ONCOLOGY Vol 17 No 7 | Oncology

Prophylactic Surgery in Hereditary Breast/Ovarian Cancer Syndrome

July 01, 2003

Drs. Levine and Gemignanihave provided a comprehensivereview of the literatureregarding the management of patientswith hereditary breast/ovarian cancersyndrome. As noted, over 200,000new cases of breast cancer and 25,000new cases of ovarian cancer are estimatedfor 2003.[1] Only a small portionof these cases will be hereditary;however, these are the cases that maybenefit from preventive measures. Thepotential for risk-reducing strategiesin these patients has become a criticalissue over the past several years. Thisreview highlights the salient featuresof identifying “at-risk” patients, aswell as the benefits and limitations ofsurgical prophylaxis.

Prophylactic Surgery in Hereditary Breast/Ovarian Cancer Syndrome

July 01, 2003

The ability to identify a womanwith a germ-line mutation inBRCA1 or BRCA2, throughclinical genetic testing, allows thatwoman’s physician to implement preventivestrategies that may spare herfrom developing breast or ovariancancer. Unfortunately, the most effectivestrategies currently are also themost drastic; namely, prophylacticmastectomy and/or prophylacticoophorectomy.

The Benefits of Achieving Stable Disease in Advanced Lung Cancer

July 01, 2003

Dr. Kelly has written an excellentarticle demonstrating theclinical significance of achievingstable disease in advanced non–small-cell lung cancer (NSCLC)patients. This hypothesis is supportedby clinical data from two phase IItrials (Iressa Dose Evaluation in AdvancedLung Cancer [IDEAL-1 andIDEAL-2]) of the epidermal growthfactorreceptor (EGFR) inhibitor gefitinib(ZD1839, Iressa) in previouslytreated patients. She appropriatelypoints out that although tumor shrinkageis a conventionally used end pointfor cytotoxic drugs, it may not be appropriatefor the “novel” cytostaticagents. For these agents, stabilizationof disease without obvious tumorshrinkage may result in a clinicalbenefit.

Sentinel Lymph Node Biopsy in a Young Child With Thick Cutaneous Melanoma

July 01, 2003

The article by Bisseck and colleagueshighlights an importantissue encountered increasinglyby physicians-melanoma in childrenand adolescents. The incidence andmortality of melanoma continues torise.[1] It is now the fifth most commoncancer in men and the seventhmost common cancer in women. Inour practice at the Johns HopkinsMelanoma Center, we have treated agrowing number of children and adolescentswith melanoma, includingmany with stage III disease identifiedby sentinel node technology, similarto that described by Bisseck andcolleagues.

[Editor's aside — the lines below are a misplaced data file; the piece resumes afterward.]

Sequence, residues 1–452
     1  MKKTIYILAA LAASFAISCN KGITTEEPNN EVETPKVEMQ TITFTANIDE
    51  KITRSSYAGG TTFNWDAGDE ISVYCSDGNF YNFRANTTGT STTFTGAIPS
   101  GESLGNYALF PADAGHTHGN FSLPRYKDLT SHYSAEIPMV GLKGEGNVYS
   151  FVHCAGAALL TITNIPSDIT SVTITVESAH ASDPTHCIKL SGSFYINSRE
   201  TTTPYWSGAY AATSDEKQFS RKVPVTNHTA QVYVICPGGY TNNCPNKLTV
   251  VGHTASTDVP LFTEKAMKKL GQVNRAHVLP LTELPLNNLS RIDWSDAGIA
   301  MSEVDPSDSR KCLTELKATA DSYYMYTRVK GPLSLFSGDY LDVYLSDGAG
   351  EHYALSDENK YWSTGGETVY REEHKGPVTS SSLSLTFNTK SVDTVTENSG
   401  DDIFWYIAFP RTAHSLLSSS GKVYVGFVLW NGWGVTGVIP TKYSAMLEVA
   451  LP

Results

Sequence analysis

The Multidisciplinary Management of Paragangliomas of the Head and Neck, Part 1

July 01, 2003

Paragangliomas most commonly occur in the carotid body, jugulotympanicarea, and vagus nerve but have also been reported in otherareas of the head and neck. These tumors are highly vascular andcharacteristically have early blood vessel and neural involvement,making their treatment particularly challenging. Surgery has traditionallybeen the preferred method of treatment, especially in light of recentadvances in technique. However, compared to radiation therapy, it canresult in a higher incidence of cranial nerve dysfunction. Radiationtherapy has the advantage of avoiding the increased morbidity ofsurgery while offering an equal possibility of cure. Part 1 of this two-partarticle focuses on techniques for diagnosing paraganglioma and theindications for and use of surgery as primary treatment. The complicationscommonly associated with surgery are reviewed, and strategies forrehabilitation of affected patients are presented.

Prophylactic Surgery in Hereditary Breast/Ovarian Cancer Syndrome

July 01, 2003

Drs. Levine and Gemignani havecomposed an excellent comprehensivereview of the issuessurrounding prophylactic surgeryin patients at high risk for breast andovarian cancer. Their article focuseson the role of BRCA1/2 mutations inthe risk of developing hereditary breastand ovarian cancer and the data supportingrisk reduction in mutation carriersundergoing prophylactic surgery.

The Benefits of Achieving Stable Disease in Advanced Lung Cancer

July 01, 2003

Dr. Karen Kelly has written atimely discussion on the clinicalbenefit of achieving stabledisease in advanced non–smallcelllung cancer (NSCLC). The goalsof current therapy are to palliate symptoms,optimize quality of life (QOL),and prolong survival. It is argued thattumor shrinkage may not be mandatoryto achieve these goals, particularlyin the evaluation of moleculartargeted therapies that may be cytostaticrather than cytotoxic in theirmechanism of action. However, stabledisease is not regarded as evidenceof therapeutic efficacy byregulatory authorities. Furthermore, ifbased on radiologic measurements Continued on page 968.alone, this designation encompasses aheterogeneous population that includespatients who demonstrate unequivocaltumor shrinkage as well asmany with tumor growth. Therefore,the case is presented to define stabledisease in terms of clinical benefit byincorporating alternative trial endpoints such as symptom control, QOL,or biologic end points.